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Battery level !?


#1

Hi guys !

For a project at school, I have to know the level of a battery NiMH in reel time. It’s very easy with a lead–acid battery but with a NiMH battery, I have no idea how can I make it.

If you have an idea, would be really cool !


#2

Reading the voltage level of a NiMH battery is the same as a lead-acid battery. Nothing different.


#3

Reading the Voltage is not going to be the problem but determine the state of charge is not that easy for NiHM. The easiest way is to do Coulomb counting (measuring energy input (during charge) minus energy output (discharge)) to get a SOC value that still is not really accurate (±10%)


#4

Here you have a global overview off the different possibilities:
http://www.mpoweruk.com/soc.htm


#5

Thank you for your answers guys.

Iggmoe, effctively reading the voltage is not the problem.
David, if you can explain me more how I can do this, it would be cool because i’m not very experienced.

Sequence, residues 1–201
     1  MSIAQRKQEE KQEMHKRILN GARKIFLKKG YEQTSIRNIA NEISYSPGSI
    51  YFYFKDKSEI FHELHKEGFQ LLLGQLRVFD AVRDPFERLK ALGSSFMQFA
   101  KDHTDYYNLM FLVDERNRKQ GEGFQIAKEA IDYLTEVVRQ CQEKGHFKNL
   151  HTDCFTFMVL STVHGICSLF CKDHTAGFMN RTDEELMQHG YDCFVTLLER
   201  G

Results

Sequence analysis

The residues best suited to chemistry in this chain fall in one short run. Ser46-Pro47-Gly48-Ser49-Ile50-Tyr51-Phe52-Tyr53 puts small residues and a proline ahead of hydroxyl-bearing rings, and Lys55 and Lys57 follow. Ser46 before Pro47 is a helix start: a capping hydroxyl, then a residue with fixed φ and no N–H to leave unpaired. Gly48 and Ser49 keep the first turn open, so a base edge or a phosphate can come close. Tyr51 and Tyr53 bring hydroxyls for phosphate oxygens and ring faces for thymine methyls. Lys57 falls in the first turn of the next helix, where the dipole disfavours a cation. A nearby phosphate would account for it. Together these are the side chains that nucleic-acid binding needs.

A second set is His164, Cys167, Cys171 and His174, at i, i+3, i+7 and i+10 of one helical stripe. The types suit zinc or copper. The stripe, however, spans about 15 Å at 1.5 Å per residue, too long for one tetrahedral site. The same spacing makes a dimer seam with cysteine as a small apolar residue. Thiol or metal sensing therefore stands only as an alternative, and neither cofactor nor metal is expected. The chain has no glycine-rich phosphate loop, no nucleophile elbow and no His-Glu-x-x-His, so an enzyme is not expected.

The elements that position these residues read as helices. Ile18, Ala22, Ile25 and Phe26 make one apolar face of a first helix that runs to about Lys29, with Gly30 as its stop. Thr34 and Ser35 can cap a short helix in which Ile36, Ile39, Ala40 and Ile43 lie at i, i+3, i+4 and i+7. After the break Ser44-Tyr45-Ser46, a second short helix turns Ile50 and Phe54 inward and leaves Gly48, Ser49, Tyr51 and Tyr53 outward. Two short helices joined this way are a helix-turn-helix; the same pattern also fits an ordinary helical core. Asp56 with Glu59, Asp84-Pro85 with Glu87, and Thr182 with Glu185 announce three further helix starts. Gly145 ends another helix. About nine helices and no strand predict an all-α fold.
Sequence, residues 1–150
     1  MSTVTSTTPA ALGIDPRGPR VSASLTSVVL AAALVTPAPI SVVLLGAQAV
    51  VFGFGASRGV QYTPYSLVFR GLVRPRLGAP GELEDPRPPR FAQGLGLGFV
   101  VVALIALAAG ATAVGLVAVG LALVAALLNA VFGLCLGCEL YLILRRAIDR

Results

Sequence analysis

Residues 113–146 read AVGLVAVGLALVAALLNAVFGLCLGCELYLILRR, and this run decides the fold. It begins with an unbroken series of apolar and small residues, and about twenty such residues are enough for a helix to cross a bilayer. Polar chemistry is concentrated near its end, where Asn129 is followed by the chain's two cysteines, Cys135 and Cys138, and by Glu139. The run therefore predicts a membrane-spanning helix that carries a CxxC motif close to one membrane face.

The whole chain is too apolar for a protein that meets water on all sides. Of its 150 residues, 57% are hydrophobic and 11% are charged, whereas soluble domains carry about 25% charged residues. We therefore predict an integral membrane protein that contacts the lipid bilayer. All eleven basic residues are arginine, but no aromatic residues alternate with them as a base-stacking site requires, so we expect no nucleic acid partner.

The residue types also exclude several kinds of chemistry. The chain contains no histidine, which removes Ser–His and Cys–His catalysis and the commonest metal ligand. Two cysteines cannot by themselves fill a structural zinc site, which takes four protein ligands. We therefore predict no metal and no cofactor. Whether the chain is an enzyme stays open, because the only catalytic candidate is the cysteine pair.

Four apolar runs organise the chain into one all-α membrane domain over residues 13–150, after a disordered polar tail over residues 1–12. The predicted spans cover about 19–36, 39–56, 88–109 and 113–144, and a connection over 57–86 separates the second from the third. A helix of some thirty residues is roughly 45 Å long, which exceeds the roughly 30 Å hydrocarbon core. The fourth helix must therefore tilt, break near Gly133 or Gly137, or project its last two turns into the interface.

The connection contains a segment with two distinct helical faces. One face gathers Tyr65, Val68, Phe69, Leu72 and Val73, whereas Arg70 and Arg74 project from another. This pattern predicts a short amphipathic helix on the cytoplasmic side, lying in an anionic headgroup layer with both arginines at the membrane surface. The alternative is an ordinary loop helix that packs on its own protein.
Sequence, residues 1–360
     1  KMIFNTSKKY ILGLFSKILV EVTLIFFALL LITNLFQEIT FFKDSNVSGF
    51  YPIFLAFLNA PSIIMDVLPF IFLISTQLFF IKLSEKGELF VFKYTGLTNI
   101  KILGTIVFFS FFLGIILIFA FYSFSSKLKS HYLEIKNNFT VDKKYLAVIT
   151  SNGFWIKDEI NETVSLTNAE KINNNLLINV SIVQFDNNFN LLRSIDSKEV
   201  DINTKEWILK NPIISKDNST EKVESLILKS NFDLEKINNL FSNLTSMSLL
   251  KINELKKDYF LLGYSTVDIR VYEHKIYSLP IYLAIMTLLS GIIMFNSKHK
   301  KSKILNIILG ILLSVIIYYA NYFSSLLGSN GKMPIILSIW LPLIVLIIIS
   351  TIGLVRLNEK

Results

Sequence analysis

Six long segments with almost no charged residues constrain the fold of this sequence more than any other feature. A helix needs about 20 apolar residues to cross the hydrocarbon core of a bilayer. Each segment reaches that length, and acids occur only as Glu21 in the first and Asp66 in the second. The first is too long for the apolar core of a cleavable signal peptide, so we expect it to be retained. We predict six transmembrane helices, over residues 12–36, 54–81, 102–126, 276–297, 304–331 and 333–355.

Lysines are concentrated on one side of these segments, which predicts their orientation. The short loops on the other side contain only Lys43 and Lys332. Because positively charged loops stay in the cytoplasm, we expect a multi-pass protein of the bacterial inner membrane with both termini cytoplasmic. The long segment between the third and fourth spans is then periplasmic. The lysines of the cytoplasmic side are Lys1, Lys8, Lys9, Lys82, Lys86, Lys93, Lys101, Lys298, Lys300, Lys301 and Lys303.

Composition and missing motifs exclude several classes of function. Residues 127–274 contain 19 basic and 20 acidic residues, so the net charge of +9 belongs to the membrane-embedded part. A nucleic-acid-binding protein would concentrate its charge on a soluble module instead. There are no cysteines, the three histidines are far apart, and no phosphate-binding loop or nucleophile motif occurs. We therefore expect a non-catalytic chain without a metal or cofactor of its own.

(it’s at the prototype stage, it’s not a prolbem if it’s not very precise)
(Sorry for my english i’m french)

Ty !


#6

The basics:

You need to put a current shunt in series with the battery. Then you will measure the voltage drop over the shunt, this is a very small voltage, you will need a opamp circuit the translate this to a value suitable for the ADC. With this you have a voltage you can measure that is a representation the current flowing in or out your battery. Next you need to start counting in / out but not constant, use sampling to get a in/out value over time. (multiply time and amps) Next you need a reference point, this is set when charging is complete. From this reference point you start counting down during discharge and counting up when charging + reset again when charging is at 100%.

This is just to give you a global idea, I’m sure Google is able to serve you some articles and samples :slight_smile:


#7

Another option is to look at the battery gauge devices from the likes of Maxim. No need for any op-amp, just I2C or 1-wire interface and only needs an external shunt resistor.

The DS2745, for instance, is easy to use and has registers for calculating all the information you need.